Social camouflage: A survey of 143 students of their preference for assistive technology cutlery and the visual mechanisms being influenced
conference contributionposted on 22.01.2019 by George Torrens, Ian Storer, Salman Asghar, Ruth Welsh, Karl Hurn
Any type of content contributed to an academic conference, such as papers, presentations, lectures or proceedings.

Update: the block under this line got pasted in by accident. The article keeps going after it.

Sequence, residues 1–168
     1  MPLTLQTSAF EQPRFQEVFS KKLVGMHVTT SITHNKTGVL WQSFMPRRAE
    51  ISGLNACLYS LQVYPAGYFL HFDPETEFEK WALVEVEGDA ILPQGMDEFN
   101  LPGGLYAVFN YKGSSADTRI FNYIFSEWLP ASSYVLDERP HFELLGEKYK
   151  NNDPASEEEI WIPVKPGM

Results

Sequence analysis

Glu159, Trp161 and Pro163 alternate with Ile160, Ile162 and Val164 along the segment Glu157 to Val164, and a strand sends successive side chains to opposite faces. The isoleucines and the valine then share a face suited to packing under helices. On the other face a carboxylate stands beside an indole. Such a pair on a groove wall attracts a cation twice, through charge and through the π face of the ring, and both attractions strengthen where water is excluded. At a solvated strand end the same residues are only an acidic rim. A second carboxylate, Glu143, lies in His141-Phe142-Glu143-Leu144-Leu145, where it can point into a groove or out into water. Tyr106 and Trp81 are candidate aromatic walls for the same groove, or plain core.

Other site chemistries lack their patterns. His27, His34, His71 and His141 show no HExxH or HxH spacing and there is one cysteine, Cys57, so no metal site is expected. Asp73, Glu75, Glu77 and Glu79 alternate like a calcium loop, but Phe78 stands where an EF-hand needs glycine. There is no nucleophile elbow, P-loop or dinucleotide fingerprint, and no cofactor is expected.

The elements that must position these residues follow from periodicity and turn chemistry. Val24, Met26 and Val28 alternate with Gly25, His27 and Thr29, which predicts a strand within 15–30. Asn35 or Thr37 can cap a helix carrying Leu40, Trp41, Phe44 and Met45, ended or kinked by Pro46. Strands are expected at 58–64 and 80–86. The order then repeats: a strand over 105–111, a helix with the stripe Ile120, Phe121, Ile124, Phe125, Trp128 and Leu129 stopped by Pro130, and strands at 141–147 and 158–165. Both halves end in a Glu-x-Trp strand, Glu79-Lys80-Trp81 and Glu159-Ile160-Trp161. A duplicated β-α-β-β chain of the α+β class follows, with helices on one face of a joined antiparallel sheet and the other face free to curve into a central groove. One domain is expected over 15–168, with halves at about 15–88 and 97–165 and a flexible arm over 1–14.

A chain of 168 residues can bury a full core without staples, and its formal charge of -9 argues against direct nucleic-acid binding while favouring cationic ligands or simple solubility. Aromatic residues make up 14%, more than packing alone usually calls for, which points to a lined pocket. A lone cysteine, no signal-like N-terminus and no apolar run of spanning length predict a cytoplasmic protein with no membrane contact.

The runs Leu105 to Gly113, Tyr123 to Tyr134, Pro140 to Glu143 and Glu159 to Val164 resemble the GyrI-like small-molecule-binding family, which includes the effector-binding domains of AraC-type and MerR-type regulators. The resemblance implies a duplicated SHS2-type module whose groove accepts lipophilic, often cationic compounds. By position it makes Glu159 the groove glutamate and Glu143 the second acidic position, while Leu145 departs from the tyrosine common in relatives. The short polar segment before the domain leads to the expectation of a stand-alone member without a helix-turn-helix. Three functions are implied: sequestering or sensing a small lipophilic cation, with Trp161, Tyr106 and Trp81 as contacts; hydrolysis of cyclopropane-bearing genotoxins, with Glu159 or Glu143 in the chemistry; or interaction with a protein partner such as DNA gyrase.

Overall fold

Camouflage has been used extensively in modern military applications for over one hundred years. However, social camouflage has been used by artists and designers for even longer within clothing, body-worn accessories and more recently automotive and product design. Most practising designers learn this tacit heuristic through trial and error or passed on through master-student experience. This paper will provide the theoretical principles behind the heuristic and validate their application through evidence from different sources. A series of photographs was compiled of seven commercially available cutlery for people with limited grip strength or mobility in their hands that included a set that embodied the principles of social camouflage. The optimum shapes for grip in these sets highlights their unconventional shape, making them often less desirable to use in public. A survey of preferences for a range of cutlery was completed with 143 students using a semantic differential (SD) scale, with ‘least medical’ and ‘most medical’ as the polar nouns. A sample of eight students, four male, four females, completed the survey again using computer screen-based eye tracking. The areas of interest and the order of movement of fixations were noted. The SD scale order placed the perception of the social camouflaged cutlery as more medical than desirable in contradiction to current sales of the product. Eye tracking highlighted that students followed the outline of the highest contrast visual elements when viewing the socially camouflaged cutlery; being drawn away from the outline of the actual shape. In all others, the outline profile was prominent.